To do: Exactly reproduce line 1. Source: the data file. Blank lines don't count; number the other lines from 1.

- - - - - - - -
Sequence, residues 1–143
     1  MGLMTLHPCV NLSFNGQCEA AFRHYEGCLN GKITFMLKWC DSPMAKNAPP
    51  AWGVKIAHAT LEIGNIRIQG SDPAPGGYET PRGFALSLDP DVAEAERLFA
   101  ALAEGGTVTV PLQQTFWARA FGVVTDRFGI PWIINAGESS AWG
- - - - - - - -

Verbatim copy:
Sequence, residues 1–143